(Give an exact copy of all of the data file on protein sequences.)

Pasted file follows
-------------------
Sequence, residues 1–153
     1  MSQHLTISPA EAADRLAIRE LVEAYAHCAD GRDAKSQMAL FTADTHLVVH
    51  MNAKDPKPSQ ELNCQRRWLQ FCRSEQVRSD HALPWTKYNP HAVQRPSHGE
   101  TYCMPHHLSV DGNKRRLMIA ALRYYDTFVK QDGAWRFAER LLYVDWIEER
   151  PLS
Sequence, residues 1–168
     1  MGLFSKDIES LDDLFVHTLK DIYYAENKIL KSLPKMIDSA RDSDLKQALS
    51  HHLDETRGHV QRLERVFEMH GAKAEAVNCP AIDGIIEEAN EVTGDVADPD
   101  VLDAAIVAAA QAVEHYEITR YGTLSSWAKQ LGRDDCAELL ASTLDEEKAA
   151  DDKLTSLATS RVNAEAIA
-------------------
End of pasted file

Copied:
Sequence, residues 1–153
     1  MSQHLTISPA EAADRLAIRE LVEAYAHCAD GRDAKSQMAL FTADTHLVVH
    51  MNAKDPKPSQ ELNCQRRWLQ FCRSEQVRSD HALPWTKYNP HAVQRPSHGE
   101  TYCMPHHLSV DGNKRRLMIA ALRYYDTFVK QDGAWRFAER LLYVDWIEER
   151  PLS
Sequence, residues 1–168
     1  MGLFSKDIES LDDLFVHTLK DIYYAENKIL KSLPKMIDSA RDSDLKQALS
    51  HHLDETRGHV QRLERVFEMH GAKAEAVNCP AIDGIIEEAN EVTGDVADPD
   101  VLDAAIVAAA QAVEHYEITR YGTLSSWAKQ LGRDDCAELL ASTLDEEKAA
   151  DDKLTSLATS RVNAEAIA